I stand here today with the wisdom and the rage of my ancestors within me, the grace of my strong single mother surrounding me and the unconditional love of my friends supporting me. It is because of all of these people that I will be graduating a year early with a double major in Political Science and Studio Art and an honors thesis focusing on decoloniality and artmaking—but I am an exception.
I stand here for every Anjali and Kamaria and Dina and Caitlyn who will have the great privilege and misfortune of attending this institution. We are doing the work that the majority of our peers will never have to do, and yet, here I am, reiterating needs that have been heard before but left unchanged for the benefit of your convenience, your wallets and your egos.
I expect more.
I expect more from a place whose propaganda continually boasts about diversity and a commitment to women while only supporting the few whose histories are not as vibrant or complicated as our own. I expect more because I hold this institution accountable for the countless alumnae that I have the privilege to speak to daily who leave here broken and forever changed.
I began here and was welcomed into a community of seniors of color committed to protecting the hearts of those of us who had not yet been victimized by institutional negligence, bigoted faculty and departmental oversight. Those of us who had not yet been victimized by a highly homogenous community and more broadly a hostile town and nearby city. Hard as they tried, the realities of being here soon met us, arms open wide.
But what this place did not realize was that we are a generation that will not tolerate discrimination and neglect by the very institution that claims to champion women and their civic engagement.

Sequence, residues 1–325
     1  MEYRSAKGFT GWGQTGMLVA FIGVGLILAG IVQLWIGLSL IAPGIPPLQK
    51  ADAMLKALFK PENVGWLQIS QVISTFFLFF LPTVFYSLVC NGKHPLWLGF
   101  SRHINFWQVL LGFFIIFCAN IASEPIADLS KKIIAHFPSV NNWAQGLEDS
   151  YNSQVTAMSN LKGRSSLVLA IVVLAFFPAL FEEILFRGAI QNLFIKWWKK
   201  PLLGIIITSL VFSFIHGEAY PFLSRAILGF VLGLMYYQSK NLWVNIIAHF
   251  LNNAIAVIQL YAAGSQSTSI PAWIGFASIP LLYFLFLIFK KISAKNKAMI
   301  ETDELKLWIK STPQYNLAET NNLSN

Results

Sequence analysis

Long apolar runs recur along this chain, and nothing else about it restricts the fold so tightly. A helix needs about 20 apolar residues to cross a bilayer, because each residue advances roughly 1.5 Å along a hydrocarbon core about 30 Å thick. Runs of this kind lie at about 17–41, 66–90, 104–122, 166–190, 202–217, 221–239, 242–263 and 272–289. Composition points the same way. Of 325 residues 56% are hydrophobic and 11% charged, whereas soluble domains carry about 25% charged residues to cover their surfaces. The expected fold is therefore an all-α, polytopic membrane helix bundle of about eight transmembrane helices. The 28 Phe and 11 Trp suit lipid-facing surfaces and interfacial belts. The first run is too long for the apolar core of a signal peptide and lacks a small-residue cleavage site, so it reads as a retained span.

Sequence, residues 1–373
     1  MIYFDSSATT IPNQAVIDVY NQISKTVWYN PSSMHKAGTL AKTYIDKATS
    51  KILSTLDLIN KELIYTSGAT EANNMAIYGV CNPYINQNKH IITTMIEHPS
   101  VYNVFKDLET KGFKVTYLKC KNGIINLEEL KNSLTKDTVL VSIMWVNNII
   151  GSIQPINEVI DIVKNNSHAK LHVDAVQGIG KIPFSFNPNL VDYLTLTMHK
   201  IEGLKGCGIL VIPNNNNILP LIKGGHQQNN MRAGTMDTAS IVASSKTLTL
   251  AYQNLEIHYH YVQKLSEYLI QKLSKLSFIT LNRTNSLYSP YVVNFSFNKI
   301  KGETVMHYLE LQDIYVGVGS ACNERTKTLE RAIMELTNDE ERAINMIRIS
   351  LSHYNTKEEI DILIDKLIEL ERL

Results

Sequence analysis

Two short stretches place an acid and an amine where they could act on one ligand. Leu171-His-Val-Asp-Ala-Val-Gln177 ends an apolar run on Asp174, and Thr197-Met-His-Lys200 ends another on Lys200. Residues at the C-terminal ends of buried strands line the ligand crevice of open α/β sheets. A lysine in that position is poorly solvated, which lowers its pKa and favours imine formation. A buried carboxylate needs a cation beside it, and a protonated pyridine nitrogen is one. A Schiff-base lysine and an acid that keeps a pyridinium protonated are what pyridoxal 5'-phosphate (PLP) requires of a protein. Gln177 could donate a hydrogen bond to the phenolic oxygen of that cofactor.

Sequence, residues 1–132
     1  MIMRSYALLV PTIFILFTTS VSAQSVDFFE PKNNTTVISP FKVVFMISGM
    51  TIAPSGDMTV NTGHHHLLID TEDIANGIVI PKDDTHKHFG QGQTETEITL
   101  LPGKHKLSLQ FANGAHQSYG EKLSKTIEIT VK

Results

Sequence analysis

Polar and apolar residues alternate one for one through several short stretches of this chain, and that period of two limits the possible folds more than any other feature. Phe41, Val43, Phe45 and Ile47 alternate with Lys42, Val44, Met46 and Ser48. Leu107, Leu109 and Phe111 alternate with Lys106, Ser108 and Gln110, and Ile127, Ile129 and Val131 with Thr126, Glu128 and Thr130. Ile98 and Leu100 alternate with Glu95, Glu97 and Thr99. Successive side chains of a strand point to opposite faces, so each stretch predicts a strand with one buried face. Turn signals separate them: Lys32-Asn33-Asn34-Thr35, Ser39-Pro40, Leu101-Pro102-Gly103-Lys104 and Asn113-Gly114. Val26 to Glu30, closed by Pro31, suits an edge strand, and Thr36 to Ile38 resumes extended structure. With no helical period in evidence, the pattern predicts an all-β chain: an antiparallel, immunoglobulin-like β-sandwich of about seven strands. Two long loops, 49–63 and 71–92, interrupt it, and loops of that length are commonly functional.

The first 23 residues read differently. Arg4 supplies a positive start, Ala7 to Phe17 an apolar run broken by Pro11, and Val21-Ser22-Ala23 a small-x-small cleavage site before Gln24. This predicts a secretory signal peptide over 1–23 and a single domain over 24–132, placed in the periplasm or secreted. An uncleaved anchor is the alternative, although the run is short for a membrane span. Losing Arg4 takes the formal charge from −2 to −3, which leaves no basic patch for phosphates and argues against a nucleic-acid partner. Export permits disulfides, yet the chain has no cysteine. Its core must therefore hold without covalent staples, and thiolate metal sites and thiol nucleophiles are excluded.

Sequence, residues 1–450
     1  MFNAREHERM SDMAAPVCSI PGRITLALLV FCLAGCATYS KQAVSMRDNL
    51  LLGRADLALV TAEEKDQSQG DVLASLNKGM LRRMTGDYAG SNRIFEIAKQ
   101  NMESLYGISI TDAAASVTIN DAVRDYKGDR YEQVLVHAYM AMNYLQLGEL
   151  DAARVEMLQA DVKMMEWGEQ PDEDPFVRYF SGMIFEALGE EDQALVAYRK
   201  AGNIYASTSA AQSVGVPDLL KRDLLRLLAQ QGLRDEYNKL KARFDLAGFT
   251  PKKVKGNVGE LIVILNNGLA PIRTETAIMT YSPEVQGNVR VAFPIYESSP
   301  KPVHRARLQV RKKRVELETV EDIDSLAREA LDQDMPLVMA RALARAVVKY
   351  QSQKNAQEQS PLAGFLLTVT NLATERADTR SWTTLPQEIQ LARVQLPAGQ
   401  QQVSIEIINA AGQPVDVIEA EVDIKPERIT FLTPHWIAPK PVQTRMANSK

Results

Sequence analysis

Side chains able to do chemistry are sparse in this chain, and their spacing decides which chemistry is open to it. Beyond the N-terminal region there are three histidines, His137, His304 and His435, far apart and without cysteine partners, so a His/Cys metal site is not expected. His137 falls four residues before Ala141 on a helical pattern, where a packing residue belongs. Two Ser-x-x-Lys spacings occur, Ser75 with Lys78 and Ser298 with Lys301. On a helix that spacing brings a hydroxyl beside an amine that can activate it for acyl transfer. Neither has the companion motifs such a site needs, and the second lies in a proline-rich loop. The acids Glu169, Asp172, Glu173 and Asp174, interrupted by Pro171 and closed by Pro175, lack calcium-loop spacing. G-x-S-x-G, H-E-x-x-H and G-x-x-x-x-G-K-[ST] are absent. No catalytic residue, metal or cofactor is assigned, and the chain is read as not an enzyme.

We will not stand for the silencing of the concerns of our most valuable populations. We will not be quieted, brushed aside, isolated, gendered or invalidated. And no longer will you use our bodies, our labor, our culture and our individuality to ensure the survival of a dying higher education system that gouges us of our dignity, our financial independence, our fight, our traditions and our shine.
We are the femmes, gender non conforming and trans visionaries of your future, so support us, hear us and show your commitment to our survival with your money, your time, your voices and actionable policy that will directly impact our experience here, for the better.
And if I have seemed hyperbolic with anything at all that I have said, let me be clear: this is about institutional responsibility.
1. Students of color need faculty of color who require actionable institutional support for contributing labor that their white counterparts will never have to.
2. Title IX is not enough. Wellesley must create a companion policy to effectively discipline faculty, especially those who are tenured, for discrimination in all of its forms. Let’s be real: those in positions of power will only learn when their wallets and their egos are threatened.
3. Acting out of fear of wealthy alumnae with antiquated views will only isolate your future base of supporters: choose us.
4. Check in with us. Provide us with competent healthcare and counseling services.
5. Provide further oversight when it comes to projects not funded by the college that work to invalidate our many experiences, and yes, I’m talking about the Freedom Project.
6. We need inclusive curriculum. Make our histories accessible in 100-level classes, and not as a caveat, but as a real and necessary dimension of our collective experience.
7. Stop forming committees and start enacting policy. Allowing good intention to fall victim to red tape and the numerous hoops set up by institutions to quiet urgent needs does not help our cause.
8. See your minority retention issue in the sciences: we are disproportionately weeded out of your prized departments due to professors teaching to those who have had the privilege to access advanced information before us.
9. Reframe Withdrawal/Leave of absence/Incomplete etc. policies. They often are what make or break our success.
10. Transparency! Be transparent about all available options that we have during our time here and about the intentions of the college as a whole.